The topic this week is refuge. Yesterday I talked about refuge in the Buddha Dharma Sangha. It is called the Triple Refuge. One of the peculiar things – if you study the ancient teachings of the Buddha – he never actually actively suggests that people should go for refuge. A few times he speaks favorably about people doing so, and talks about the value of doing so. But there are never instructions to go for the Triple Refuge.
He does give instructions for a different kind of refuge than the Triple Refuge. The background for this – the idea of a "triple refuge" as a term predated the Buddha. It was a custom in ancient India, to have a triple refuge in three of the gods of the Indian pantheon. Ancient texts talk about this triple refuge that people would do – going for refuge in the ancient gods. So it was already a custom in ancient India, for people to do something called the "triple refuge." When the Buddha came along, he used that language, ritual, and way of expressing faith directing it towards the Buddha, Dharma and the Sangha. And that became the new triple refuge.
Most literally, it's an external refuge, the literal Buddha, his teachings, and the community. As I said yesterday, it can also be an internal refuge. We can find what corresponds to that within ourselves. Now, when the Buddha gave instructions for refuge, at one significant place, right near the end of his life. He knew he was dying, so his teachings now became particularly significant. He gave the instructions, "Dwell, abide with your self as an island, with your self as a refuge, with no other refuge." "With the Dharma as an island, with the Dharma as a refuge, with no other refuge."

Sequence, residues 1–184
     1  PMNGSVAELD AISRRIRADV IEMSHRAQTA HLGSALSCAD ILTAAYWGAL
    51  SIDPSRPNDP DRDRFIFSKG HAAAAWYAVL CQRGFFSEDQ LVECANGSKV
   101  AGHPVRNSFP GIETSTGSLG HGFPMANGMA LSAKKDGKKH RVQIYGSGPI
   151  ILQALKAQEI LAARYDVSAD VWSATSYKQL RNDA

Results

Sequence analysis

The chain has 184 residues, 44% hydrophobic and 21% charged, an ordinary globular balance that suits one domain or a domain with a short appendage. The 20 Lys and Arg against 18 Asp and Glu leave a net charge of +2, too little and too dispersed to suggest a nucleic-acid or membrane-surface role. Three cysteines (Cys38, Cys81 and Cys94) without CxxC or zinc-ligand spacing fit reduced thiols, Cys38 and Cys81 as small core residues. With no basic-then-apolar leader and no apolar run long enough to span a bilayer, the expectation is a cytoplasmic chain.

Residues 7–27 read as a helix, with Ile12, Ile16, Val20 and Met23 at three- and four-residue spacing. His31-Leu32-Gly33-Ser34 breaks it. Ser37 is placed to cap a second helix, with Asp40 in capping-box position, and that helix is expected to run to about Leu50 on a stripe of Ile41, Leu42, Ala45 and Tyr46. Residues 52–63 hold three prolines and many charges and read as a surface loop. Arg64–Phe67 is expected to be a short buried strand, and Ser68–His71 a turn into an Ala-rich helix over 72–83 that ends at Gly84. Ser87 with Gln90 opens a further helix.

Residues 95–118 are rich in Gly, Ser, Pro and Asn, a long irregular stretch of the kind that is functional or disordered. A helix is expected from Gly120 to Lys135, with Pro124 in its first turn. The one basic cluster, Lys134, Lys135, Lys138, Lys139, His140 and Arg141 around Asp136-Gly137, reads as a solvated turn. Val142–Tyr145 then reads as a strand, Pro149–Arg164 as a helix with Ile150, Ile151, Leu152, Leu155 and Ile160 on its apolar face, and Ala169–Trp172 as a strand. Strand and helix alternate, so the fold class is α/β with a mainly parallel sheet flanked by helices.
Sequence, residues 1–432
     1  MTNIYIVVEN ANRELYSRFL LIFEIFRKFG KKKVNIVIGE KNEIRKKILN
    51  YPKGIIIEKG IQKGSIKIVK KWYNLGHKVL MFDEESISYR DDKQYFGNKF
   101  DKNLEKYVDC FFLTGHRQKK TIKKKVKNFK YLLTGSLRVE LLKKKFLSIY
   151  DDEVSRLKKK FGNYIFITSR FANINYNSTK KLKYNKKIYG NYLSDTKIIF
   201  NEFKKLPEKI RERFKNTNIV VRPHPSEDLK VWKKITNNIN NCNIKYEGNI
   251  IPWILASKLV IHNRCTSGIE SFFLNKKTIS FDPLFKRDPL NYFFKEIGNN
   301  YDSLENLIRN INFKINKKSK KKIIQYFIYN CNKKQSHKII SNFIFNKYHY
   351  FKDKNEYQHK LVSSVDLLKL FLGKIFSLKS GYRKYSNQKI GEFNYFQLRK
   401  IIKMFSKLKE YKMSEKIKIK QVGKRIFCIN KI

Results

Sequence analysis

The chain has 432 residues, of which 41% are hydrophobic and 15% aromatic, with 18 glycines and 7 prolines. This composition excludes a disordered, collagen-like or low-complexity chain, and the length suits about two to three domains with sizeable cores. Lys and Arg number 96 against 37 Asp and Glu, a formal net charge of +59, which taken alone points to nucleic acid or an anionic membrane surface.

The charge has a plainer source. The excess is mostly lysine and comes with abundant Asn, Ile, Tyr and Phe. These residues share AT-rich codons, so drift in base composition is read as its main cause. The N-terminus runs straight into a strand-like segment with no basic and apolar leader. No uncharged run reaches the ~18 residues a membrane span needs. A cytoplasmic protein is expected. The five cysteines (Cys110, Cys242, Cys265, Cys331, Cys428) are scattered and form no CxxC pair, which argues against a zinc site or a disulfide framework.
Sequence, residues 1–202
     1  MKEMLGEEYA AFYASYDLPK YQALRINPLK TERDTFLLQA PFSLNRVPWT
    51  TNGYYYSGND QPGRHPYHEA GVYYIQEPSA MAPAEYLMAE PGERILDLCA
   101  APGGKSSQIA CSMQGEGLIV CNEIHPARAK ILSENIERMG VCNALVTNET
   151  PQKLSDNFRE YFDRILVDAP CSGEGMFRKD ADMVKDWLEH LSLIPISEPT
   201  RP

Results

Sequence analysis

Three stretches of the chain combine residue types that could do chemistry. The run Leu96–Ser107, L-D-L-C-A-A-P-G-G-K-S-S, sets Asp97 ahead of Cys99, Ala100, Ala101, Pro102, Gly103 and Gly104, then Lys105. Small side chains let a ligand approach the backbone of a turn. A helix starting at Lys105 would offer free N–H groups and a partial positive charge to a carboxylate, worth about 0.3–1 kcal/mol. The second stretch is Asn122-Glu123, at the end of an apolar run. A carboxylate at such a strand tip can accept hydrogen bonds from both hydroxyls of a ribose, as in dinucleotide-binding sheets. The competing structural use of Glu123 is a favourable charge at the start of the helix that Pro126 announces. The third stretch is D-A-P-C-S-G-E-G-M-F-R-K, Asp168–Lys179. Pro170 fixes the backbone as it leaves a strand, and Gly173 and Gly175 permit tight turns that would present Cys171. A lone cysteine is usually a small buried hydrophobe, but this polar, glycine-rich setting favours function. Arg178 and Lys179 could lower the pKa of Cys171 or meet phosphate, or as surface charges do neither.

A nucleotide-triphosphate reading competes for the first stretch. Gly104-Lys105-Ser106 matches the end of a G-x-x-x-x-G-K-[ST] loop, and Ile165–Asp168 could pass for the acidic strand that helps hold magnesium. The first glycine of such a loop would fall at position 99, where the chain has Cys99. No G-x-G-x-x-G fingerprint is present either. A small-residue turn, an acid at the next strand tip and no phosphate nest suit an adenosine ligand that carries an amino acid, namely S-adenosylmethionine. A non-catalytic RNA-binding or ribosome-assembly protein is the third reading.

The metaphor of an island is that of a place that is safe from the floods and swirls of the world – the floods, strong currents, waves, tides. I hear on the coast here, that you can't really go swimming in very many places in the ocean because of the strong rip currents.
An island is a place of safety. So make your self a place of safety. Make a refuge of your self. He goes on to say, do the same thing with the Dharma, with no other refuge. The only way to harmonize these two statements is that the self and the Dharma are somehow becoming the same. The Dharma is not out there, but the Dharma is found somehow, in oneself with oneself. It is a very strong affirmation of one's own personhood, as a place of practice and a place of religious value. To call this person that you are the place of the Dharma itself is an affirmation.
That often is not captured so well If we emphasize too much the Buddha's teachings on not-self. Teachings on not-self and emptiness – as profound as they can be – to overemphasize them sometimes dismisses the ordinary phenomenological world that we live in – the ordinary experiences of how we are and how we live. I've seen plenty of people dismiss the value of their emotions, intentions, safety, well-being and health, by over-emphasizing some idea that there is no self, or everything is empty. But here we have the Buddha at the end of his life, saying, make your self a refuge, make your self an island, a place of safety.